In most ISAR cases, there are only a few strong scattering points in one range cell, and the number of scattering centers is much smaller than the number of pulses. Therefore, the vector β is sparse, and the echoes of target are compressive in the cross-range dimension. CS ISAR imaging method has been proposed in [12] to reconstruct the image using much fewer pulses than RD algorithm with random PRI. In this paper, further study about CS ISAR imaging is carried on and some conditions are given for effective CS imaging.

First, to achieve effective reconstruction in CS, the number of measurements must exceed the theoretical minimal number [6].

$$ M>O\left(K\cdot \log N\right) $$
(10)

where K is the sparse level and N is the length of the measured sparse signal. In the context of CS ISAR imaging, the sparse level K is the number of cross-range bins which are occupied by target in image, and Eq. (10) determines the minimal number of transmitted pulses for the target.

Second, the cross-range resolution in conventional RD imaging is defined by the wavelength of transmitted signal λ and the target’s rotational angle Θ during the CPI, which is denoted as

$$ {\varDelta}_c=\frac{\lambda }{2\varTheta } $$
(11)

The rotation angle Θ is usually 3°–5° because the smaller angle is inadequate for high resolution and the migration through resolution cell (MTRC) will occur if Θ is larger [18]. Moreover, the sampling rate in the cross-range dimension, e.g., the PRF of radar, must be at least twice the Doppler bandwidth of the target, which is proportional to the target’s rotation velocity. Hence, targets with different rotation velocities need different PRFs for equivalent cross-range resolution. Faster rotation means that the CPI for one image is shorter and a higher PRF is required. The reference [19] suggests that the expected resolution of CS reconstructed image is restricted by the incoherency of the sensing matrix. In CS ISAR imaging, since the random pulses are the subset of Nyquist-sampled pulses in RD imaging, Eq. (11) still determines the cross-range resolution, and enough rotation angle is also required for high resolution.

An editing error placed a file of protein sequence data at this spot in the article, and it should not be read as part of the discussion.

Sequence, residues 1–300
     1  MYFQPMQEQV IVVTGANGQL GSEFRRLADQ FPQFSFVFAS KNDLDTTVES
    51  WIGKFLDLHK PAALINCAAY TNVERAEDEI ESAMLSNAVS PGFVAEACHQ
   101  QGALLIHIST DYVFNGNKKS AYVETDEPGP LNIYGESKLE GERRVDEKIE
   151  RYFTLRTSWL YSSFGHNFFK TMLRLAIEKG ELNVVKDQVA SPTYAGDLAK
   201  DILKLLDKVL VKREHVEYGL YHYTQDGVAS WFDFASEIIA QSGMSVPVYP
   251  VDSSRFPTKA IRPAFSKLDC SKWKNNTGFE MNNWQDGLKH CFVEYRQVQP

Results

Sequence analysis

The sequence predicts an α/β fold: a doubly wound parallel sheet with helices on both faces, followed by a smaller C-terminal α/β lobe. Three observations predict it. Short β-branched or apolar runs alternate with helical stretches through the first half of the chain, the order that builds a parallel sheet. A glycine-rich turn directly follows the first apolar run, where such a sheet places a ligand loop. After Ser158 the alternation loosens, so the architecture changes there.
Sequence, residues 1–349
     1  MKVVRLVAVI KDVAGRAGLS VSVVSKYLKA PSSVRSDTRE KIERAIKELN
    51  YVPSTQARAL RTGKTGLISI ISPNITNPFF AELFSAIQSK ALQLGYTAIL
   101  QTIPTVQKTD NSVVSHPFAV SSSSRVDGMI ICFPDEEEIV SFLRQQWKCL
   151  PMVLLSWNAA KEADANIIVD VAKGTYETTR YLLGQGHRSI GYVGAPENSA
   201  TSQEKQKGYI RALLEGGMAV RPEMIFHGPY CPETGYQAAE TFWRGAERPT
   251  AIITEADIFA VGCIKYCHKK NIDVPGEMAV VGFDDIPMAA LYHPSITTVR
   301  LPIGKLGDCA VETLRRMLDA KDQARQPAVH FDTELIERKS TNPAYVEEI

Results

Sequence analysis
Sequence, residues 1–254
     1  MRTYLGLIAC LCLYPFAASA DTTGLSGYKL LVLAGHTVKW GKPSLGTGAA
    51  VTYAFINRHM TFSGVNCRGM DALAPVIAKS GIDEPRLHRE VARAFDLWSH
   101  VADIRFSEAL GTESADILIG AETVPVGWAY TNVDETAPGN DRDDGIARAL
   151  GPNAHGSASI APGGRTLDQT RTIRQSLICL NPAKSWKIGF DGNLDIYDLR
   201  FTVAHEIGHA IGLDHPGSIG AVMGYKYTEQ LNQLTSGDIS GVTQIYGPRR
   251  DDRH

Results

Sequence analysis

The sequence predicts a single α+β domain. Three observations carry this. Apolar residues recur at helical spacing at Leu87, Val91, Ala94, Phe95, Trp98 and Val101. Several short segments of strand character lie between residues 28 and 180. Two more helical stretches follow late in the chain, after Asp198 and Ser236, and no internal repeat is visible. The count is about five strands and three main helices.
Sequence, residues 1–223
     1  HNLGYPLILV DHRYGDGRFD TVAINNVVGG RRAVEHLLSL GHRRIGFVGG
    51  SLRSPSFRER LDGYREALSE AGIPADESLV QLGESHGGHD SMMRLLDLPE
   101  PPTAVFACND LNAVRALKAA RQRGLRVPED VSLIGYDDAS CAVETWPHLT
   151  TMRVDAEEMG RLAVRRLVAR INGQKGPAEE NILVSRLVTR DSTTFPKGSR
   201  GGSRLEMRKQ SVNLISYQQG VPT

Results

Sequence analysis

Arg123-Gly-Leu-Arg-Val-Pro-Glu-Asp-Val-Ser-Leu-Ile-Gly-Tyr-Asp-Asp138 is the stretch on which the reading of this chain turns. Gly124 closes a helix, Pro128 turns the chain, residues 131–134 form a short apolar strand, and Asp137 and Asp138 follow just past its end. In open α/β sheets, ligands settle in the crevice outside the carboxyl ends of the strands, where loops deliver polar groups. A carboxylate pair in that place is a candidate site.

According to the above analysis, we give the following two conditions that the random measurements must satisfy to achieve effective CS ISAR imaging.

Condition 1.

The number of random pulses M is more than the minimal measurements needed by CS, as (10).

Condition 2.

The rotation angle of the target during CPI is approximately 3°-5°, which is the same as RD method. This guarantees the reconstructed image own the same cross-range resolution as RD imaging result.